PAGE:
[DSEi 2017] Vehicle Mounted Remote Control Weapon Station Round Up

    This year at DSEi 2017 a number of countries had their lesser known and newly developed vehicle mounted Remote Control Weapon Stations (RCWS) on display for the defense industry exposition in London. Rather than list each entry individually, it is fitting that we include them all here for readers to examine and compare. Although the United States has fielded multiple versions of vehicle mounted remote weapon systems, probably the CROW being the more well known design throughout the U.S. Army, some of these other countries are much lesser known. Specifically at DSEi 2017 were designs from Slovenia, Slovakia, Belgium, and the UAE.

    The need for a turret mounted, machine gun bearing remote weapon systems on vehicular platforms have increased tremendously over the previous decade. Some of this change has been due to the asymmetrical warfare that conventional militaries are facing, such as the experience of the United States in OEF and OIF. Because conventional forces are often at the mercy of insurgent groups that know the local ground much better and have the luxury of time to set in ambushes, leaving turret gunner exposed to attacks specifically aimed at them, the vulnerable extremity of an armored vehicle.

    Of course, the idea of a remote weapons system is a part of the armoring up versus slimming down arguments that have been spurred by recent conflicts. Usually these involve the points that although armoring up (vehicles, body armor, etc…) can save lives, it limits operational flexibility and even contact with the local population (essential in a COIN fight), while slimming down can increase casualties, it can lead to better situational awareness, and improved mobility on foot and in vehicles.

    All images and descriptions are drawn from Army Recognition, more detailed descriptions are available on their respective pages, here we’re just going to summarize the unique and interesting characteristics mentioned.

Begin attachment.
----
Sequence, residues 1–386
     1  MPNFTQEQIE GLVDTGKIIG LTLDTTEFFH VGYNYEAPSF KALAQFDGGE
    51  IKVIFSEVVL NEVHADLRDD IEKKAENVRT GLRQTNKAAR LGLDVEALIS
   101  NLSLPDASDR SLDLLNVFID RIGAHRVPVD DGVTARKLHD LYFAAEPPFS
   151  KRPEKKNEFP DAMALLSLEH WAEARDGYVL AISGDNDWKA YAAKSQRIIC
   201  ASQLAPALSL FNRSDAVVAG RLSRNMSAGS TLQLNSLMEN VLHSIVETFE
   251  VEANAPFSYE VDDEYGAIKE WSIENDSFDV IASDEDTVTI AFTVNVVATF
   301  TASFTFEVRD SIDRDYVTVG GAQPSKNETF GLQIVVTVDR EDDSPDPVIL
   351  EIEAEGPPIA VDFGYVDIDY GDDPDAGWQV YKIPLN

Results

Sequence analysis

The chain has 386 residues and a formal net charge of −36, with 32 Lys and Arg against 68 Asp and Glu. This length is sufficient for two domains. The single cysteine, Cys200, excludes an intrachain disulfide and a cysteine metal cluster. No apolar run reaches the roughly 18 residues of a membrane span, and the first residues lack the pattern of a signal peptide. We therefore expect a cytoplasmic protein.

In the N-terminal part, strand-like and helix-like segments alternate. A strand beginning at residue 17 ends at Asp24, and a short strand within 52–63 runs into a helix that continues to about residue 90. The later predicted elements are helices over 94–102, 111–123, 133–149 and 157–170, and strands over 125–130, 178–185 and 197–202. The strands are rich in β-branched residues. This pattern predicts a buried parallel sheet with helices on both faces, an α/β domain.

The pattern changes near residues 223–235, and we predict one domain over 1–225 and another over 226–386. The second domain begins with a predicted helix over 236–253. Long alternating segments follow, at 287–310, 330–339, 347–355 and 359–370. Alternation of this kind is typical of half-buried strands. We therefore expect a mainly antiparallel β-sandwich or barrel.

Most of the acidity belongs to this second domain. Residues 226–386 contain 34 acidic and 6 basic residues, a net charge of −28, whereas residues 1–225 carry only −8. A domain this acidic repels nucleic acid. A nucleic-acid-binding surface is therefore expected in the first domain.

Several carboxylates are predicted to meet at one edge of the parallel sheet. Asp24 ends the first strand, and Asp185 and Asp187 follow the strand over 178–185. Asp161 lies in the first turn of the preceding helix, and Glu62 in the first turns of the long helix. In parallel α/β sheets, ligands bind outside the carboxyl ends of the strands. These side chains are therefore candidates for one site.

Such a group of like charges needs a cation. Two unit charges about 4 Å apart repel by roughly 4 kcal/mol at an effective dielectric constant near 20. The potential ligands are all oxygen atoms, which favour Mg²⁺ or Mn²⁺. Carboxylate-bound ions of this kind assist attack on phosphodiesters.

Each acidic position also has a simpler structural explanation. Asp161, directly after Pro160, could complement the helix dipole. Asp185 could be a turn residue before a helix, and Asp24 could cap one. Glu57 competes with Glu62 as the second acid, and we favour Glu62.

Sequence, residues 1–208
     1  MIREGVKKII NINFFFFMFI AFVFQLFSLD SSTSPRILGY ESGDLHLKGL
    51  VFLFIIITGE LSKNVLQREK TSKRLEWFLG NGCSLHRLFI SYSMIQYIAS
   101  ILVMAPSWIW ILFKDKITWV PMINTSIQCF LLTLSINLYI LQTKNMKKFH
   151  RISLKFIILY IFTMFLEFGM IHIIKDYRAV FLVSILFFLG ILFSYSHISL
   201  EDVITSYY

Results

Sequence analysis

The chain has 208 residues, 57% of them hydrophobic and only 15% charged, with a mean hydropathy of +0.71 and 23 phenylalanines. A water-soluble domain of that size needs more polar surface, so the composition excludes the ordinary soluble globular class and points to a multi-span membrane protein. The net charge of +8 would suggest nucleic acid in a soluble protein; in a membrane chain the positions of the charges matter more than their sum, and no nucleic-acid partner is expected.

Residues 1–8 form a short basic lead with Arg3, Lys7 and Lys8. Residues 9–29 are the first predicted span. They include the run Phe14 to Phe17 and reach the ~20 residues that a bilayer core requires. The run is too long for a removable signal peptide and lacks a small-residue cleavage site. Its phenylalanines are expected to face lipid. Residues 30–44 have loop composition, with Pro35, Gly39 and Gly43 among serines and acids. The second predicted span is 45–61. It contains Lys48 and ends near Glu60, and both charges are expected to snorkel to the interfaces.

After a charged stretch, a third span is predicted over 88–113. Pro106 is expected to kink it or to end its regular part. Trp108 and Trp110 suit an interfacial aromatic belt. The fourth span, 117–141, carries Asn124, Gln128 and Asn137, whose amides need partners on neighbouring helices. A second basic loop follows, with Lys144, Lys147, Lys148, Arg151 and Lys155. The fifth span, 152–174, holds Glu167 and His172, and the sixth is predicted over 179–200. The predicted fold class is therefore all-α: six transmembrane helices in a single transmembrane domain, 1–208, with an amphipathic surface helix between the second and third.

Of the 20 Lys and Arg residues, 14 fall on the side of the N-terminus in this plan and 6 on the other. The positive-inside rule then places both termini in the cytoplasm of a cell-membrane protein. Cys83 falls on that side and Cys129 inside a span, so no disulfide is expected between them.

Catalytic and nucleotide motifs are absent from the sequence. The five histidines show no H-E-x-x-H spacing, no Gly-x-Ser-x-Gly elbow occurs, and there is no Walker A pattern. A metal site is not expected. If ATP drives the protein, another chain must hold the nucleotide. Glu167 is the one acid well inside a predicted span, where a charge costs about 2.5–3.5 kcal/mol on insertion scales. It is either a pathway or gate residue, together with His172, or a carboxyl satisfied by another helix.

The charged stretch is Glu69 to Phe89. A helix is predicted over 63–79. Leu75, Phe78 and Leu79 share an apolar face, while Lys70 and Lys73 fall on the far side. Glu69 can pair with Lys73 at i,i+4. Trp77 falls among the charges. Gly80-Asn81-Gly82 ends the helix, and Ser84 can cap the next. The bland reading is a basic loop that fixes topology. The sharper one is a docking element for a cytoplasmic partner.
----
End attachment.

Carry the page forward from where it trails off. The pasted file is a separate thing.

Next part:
Slovakia/ EVPU GLADIUS 12

    Although the GLADIOUS 12 is shown mounted with a .50 BMG M2, it can be mounted with an M240 or 40x53mm Mk.19 if the description is correct. This RCWS appears to be produced with the heavier tracked or 4×4 armored vehicles in mind, rather than MAT-Vs, HUMVEEs, or similarly lighter in comparison vehicles.

    Belgium/ FN Herstal deFNder– 

    The FN Herstal deFNder was actually shown in conjunction with the Estonian THeMIS remotely controlled ground vehicle. The combination has actually seen service with Estonian troops in a recent military exercise, with much apparent success. Speaking from conjecture, but FN Herstal should theoretically have some gains on other RCWS designs because FN Herstal produces the very M240s and M2s that many of the NATO systems are built around.

    Slovenia/ Valhalla Turrets MIDGARD

    By far the largest of the four featured on Army Recognition, the Slovenian MIDGARD also packs the most amount of ordnance, in addition to either having a single or dual weapon mount, it also appears to have eight smoke grenade dispensers. Although other entries don’t mention the possibility, the MIDGARD can be manually operated (forcibly if the electronics fail), in addition to being remotely controlled from within a vehicle.

    UAE/ International Golden Group IGG-RWS14

    The IGG-RWS14 appears to be based on the Soviet KPV 14.5mm heavy machine gun, possibly being one of the only RCWS on the market that can mount Warsaw Pact era weaponry. It is similar in dimensions to the FN Herstal design, appearing to be much lighter in weight than the other designs listed.


    Infantry Marine, based in the Midwest. Specifically interested in small arms history, development, and usage within the MENA region and Central Asia. To that end, I run Silah Report, a website dedicated to analyzing small arms history and news out of MENA and Central Asia.

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